Why are men so often left out of our conversations about gender? While examining the impact of sexist stereotypes on women is crucial, it's only half of the story.
Patriarchal notions of manhood don't just harm women, they hurt men. Toxic definitions of masculinity lead to well-documented problems like high rates of gun violence, suicide and sexual violence. That's why organizations like the Representation Project are committed to advancing the discussion about how gender limits the freedoms of both women and men. They recognize that society's gender ideals aren't only damaging for women; they're universally harmful.
Image Credit: the Representation Project
Their latest video examines how stereotypes constrain all people from the moment they are born.
Imran Siddiquee, the director of communications at the Representation Project, told PolicyMic he hopes the video sparks a dialogue about what sexism looks like. "We're really committed to opening the doors to this conversation about gender — to create[sic] a space where we can discuss these limiting stereotypes, and the negative impact they're having on all of us, in the mainstream," he wrote in an email.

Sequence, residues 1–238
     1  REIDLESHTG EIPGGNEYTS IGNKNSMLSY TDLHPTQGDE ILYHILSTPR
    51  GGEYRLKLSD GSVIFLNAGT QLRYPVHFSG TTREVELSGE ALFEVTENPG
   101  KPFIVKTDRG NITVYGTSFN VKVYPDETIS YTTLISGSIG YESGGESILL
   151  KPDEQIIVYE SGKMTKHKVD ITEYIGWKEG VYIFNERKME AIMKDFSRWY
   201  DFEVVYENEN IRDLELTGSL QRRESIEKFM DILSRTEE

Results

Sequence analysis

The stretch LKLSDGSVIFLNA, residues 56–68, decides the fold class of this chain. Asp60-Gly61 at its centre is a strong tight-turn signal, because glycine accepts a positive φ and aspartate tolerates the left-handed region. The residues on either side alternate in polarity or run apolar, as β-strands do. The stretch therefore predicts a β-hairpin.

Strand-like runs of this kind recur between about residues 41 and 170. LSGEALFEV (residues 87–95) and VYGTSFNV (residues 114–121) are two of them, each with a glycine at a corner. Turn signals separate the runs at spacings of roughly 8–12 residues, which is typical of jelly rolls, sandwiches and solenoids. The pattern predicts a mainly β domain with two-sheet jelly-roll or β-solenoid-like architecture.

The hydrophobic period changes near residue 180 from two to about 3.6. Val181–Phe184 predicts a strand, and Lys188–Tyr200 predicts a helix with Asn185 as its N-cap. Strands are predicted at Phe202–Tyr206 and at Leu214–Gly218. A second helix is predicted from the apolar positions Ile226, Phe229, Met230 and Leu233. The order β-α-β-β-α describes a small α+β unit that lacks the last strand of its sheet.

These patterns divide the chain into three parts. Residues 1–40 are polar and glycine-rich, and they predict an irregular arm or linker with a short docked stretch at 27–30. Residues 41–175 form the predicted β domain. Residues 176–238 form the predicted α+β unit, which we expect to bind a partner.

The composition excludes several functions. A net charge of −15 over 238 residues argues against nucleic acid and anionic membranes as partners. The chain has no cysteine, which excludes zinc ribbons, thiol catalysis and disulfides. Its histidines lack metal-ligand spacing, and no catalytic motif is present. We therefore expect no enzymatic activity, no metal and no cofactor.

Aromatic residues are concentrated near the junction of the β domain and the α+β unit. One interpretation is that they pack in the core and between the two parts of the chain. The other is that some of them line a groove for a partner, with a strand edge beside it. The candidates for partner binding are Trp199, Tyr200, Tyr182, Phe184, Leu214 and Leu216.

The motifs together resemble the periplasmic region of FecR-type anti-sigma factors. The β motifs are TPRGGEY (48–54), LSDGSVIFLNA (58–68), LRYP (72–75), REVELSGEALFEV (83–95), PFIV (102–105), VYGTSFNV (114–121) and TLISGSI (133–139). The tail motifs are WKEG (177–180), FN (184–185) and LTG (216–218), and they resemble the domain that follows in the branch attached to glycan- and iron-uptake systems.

Image Credit: AP
Women often dominate conversations online in feminist circles, but it's important to include men so they can see how the fight for equality affects them too. "We want women and men to join us in challenging the idea that there is only one way to be a man, or only one way to be a woman, or that you must fulfill either gender ideal in order to be valued by society. The media plays such a large role in perpetuating that limiting gender narrative — and limiting stereotypes of all kinds — so our movement is creating its own media and writing its own, more diverse, story," Siddiquee wrote.
In the video, Rosario Dawson explains why we need to address stereotypes that bind all genders.
It's time we bring every gender to the table to discuss ways to release ourselves from outdated scripts that restrict us all.